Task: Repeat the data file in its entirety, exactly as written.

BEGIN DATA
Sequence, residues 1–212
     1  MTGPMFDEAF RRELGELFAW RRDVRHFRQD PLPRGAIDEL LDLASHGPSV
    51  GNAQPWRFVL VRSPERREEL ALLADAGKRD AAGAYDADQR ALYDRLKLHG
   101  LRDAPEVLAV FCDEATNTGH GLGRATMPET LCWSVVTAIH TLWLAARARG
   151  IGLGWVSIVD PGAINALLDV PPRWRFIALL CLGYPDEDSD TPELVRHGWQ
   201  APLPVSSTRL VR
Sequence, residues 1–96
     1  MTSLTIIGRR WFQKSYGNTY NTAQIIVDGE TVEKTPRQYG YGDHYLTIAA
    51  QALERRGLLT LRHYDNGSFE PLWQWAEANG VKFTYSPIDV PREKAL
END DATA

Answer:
Sequence, residues 1–212
     1  MTGPMFDEAF RRELGELFAW RRDVRHFRQD PLPRGAIDEL LDLASHGPSV
    51  GNAQPWRFVL VRSPERREEL ALLADAGKRD AAGAYDADQR ALYDRLKLHG
   101  LRDAPEVLAV FCDEATNTGH GLGRATMPET LCWSVVTAIH TLWLAARARG
   151  IGLGWVSIVD PGAINALLDV PPRWRFIALL CLGYPDEDSD TPELVRHGWQ
   201  APLPVSSTRL VR
Sequence, residues 1–96
     1  MTSLTIIGRR WFQKSYGNTY NTAQIIVDGE TVEKTPRQYG YGDHYLTIAA
    51  QALERRGLLT LRHYDNGSFE PLWQWAEANG VKFTYSPIDV PREKAL